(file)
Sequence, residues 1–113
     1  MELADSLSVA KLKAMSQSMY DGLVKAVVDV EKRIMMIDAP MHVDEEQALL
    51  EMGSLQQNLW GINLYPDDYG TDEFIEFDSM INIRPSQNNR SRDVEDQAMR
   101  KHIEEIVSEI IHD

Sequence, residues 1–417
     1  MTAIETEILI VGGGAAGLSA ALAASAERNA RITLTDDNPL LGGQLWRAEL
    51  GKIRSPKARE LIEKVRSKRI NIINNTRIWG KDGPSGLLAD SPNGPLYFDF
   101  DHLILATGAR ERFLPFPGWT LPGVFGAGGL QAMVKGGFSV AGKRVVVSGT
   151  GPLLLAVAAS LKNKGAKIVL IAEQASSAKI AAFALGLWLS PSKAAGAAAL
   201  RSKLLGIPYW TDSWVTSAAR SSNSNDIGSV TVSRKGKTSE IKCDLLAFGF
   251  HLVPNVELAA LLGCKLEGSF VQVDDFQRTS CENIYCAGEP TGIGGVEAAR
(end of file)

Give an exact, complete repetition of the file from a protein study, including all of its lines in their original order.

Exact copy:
Sequence, residues 1–113
     1  MELADSLSVA KLKAMSQSMY DGLVKAVVDV EKRIMMIDAP MHVDEEQALL
    51  EMGSLQQNLW GINLYPDDYG TDEFIEFDSM INIRPSQNNR SRDVEDQAMR
   101  KHIEEIVSEI IHD

Sequence, residues 1–417
     1  MTAIETEILI VGGGAAGLSA ALAASAERNA RITLTDDNPL LGGQLWRAEL
    51  GKIRSPKARE LIEKVRSKRI NIINNTRIWG KDGPSGLLAD SPNGPLYFDF
   101  DHLILATGAR ERFLPFPGWT LPGVFGAGGL QAMVKGGFSV AGKRVVVSGT
   151  GPLLLAVAAS LKNKGAKIVL IAEQASSAKI AAFALGLWLS PSKAAGAAAL
   201  RSKLLGIPYW TDSWVTSAAR SSNSNDIGSV TVSRKGKTSE IKCDLLAFGF
   251  HLVPNVELAA LLGCKLEGSF VQVDDFQRTS CENIYCAGEP TGIGGVEAAR